Wet Traction

To mitigate the risk of hydroplaning on moist roadways, tires incorporate sipes, which are basically tiny cuts/slits in the tread, which essentially absorb water particles, so the biters can grip (on a relatively dried up surface).

And while this happens, most of the water leaves out the tread through the help of grooves.

Now both tires are pretty voided up, so they offer good enough macro cleaning of the water. Though with superior siping, the Kenda Klever AT2 is still taking the lead.

The tire basically features dual siping system, which delivers a notably responsive ride.

Its central lugs bear rectilinear sipes, which offer superior braking and acceleration capabilities, while its interlocking sipes on shoulder provide superior handling times, as seen on tests.

Here, the Kanati Trail Hog, lacks with it’s missing ample siping, and wider tread voids, which causes more overall slippage on corners, relatively.

Dry Lateral Grip

During turns, the weight of the tire (and vehicle), is transferred onto the shoulders and sidewalls, the primary areas of concern for lateral grip.

I mean, shoulders contact with the road during cornering, is what mostly matters here.

And examing thse shoulders, along with the tire’s structure and composition, elucidates why the Kenda Klever AT2 presents superior handling performance.

And its design features closely spaced lugs with reinforced foundations, offering greater rubber-to-road contact from outer edges and contributing to cornering stability.

In contrast, the Kanati Trail Hog, with its larger lug gaps, cannot maintain its tread as effectively. Its lugs bend considerably more during turns, initially resulting in understeering, followed by oversteering, consequently causing delayed feedback and handling times.

Dry Directional Traction

The evaluation of directional grip assesses a tire’s traction on straight, dry roads. This is typically determined through the measurement of braking distances and acceleration times.

And one more thing you need to know, that the central portion of the tire’s tread experiences the highest weight concentration during straight-line travel. So how well that middle part contacts the road is very crucial.

Now, although both tires offer pretty closed up lug arrangement in the middle, (relatively, compared to shoulder area), the Kenda Klever AT2 still get to be better.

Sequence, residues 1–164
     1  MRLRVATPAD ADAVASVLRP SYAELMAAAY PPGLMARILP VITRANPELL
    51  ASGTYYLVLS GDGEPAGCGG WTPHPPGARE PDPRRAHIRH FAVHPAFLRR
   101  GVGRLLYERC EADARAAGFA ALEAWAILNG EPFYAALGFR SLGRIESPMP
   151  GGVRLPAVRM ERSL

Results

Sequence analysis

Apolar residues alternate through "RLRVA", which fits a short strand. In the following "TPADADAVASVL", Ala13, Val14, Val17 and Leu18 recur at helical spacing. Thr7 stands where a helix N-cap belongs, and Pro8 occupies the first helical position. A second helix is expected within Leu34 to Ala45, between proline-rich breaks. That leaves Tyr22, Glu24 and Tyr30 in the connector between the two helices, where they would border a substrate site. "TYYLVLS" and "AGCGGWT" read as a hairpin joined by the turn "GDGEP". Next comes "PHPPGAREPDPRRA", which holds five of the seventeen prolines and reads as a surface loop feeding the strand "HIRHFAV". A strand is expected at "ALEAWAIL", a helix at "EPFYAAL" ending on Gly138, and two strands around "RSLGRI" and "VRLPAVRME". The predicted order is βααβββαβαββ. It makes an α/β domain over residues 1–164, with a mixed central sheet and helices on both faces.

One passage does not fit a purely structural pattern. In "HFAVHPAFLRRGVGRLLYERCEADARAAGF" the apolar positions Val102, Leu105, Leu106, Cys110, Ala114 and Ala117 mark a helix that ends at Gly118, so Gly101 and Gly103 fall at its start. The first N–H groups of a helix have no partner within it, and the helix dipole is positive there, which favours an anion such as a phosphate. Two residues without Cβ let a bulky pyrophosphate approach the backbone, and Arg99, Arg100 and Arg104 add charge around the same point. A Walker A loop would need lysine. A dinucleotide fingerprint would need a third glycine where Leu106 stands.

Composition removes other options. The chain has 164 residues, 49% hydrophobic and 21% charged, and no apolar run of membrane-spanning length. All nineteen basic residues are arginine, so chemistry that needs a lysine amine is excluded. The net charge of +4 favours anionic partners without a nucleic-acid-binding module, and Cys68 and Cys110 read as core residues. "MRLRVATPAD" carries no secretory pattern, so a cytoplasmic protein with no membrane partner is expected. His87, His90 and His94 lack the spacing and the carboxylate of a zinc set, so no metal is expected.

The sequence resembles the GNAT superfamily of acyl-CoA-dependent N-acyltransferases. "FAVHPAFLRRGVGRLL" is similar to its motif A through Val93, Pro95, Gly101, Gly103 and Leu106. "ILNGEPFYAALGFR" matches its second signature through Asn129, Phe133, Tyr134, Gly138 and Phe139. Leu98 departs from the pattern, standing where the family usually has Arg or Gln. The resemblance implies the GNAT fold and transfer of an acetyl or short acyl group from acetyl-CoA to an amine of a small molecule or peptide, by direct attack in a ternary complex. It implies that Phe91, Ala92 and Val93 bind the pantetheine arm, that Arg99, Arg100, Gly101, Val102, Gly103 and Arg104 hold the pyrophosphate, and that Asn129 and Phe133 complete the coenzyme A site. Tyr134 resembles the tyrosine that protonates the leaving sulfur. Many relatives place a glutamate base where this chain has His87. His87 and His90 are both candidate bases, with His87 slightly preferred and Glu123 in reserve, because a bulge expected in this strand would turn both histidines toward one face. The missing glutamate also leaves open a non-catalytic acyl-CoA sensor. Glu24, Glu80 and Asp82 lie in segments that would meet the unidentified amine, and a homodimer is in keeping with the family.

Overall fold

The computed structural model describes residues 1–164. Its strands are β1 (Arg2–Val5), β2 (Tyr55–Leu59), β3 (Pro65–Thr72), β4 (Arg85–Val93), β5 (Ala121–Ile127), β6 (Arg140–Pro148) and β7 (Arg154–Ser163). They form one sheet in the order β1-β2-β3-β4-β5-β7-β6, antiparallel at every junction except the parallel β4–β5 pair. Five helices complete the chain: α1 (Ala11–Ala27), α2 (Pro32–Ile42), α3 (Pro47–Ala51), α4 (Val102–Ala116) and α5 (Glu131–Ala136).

This is because Klever AT2 offers a more stable contact with the road, due to it’s solid reinforced foundational supports on the lugs.

Fuel Economy

Fuel consumption is influenced by various factors, though weight and tread structure, are the two most paramount ones.

And so considering these elements, it’s understandable why the Kenda Klever ranks higher.

It’s lighter and has tightly packed tread voids, which evenly distribute the weight, resulting in lower pressure per lug.

Conversely, the Kanati Trail Hog, with its aggressive tread voids, forces its blocks more against the ground. This results in increased flexing, generating higher rolling friction and fuel consumption.

Basically energy is wasted/consumed in to the bending of the lugs. And that same energy could have used in to the rolling of the tire.

Winter Grip

The proficiency of a tire in wintry conditions is determined by its ability to maintain forward momentum, navigate corners, and respond to braking on various terrains.

And upon evaluating these tires across all these performance metrics, we arrive at the following conclusions.

The Kenda Klever AT2 emerges as a superior choice on hard-packed snow, while its counterpart performs admirably on slightly deeper terrains.

The Klever A/T2 basically offers more interlocking biters, combined with dual siping design, which grip on ice much better, relatively. Moreover, for any loose snow, besides ice, its central tread area does the job perfectly.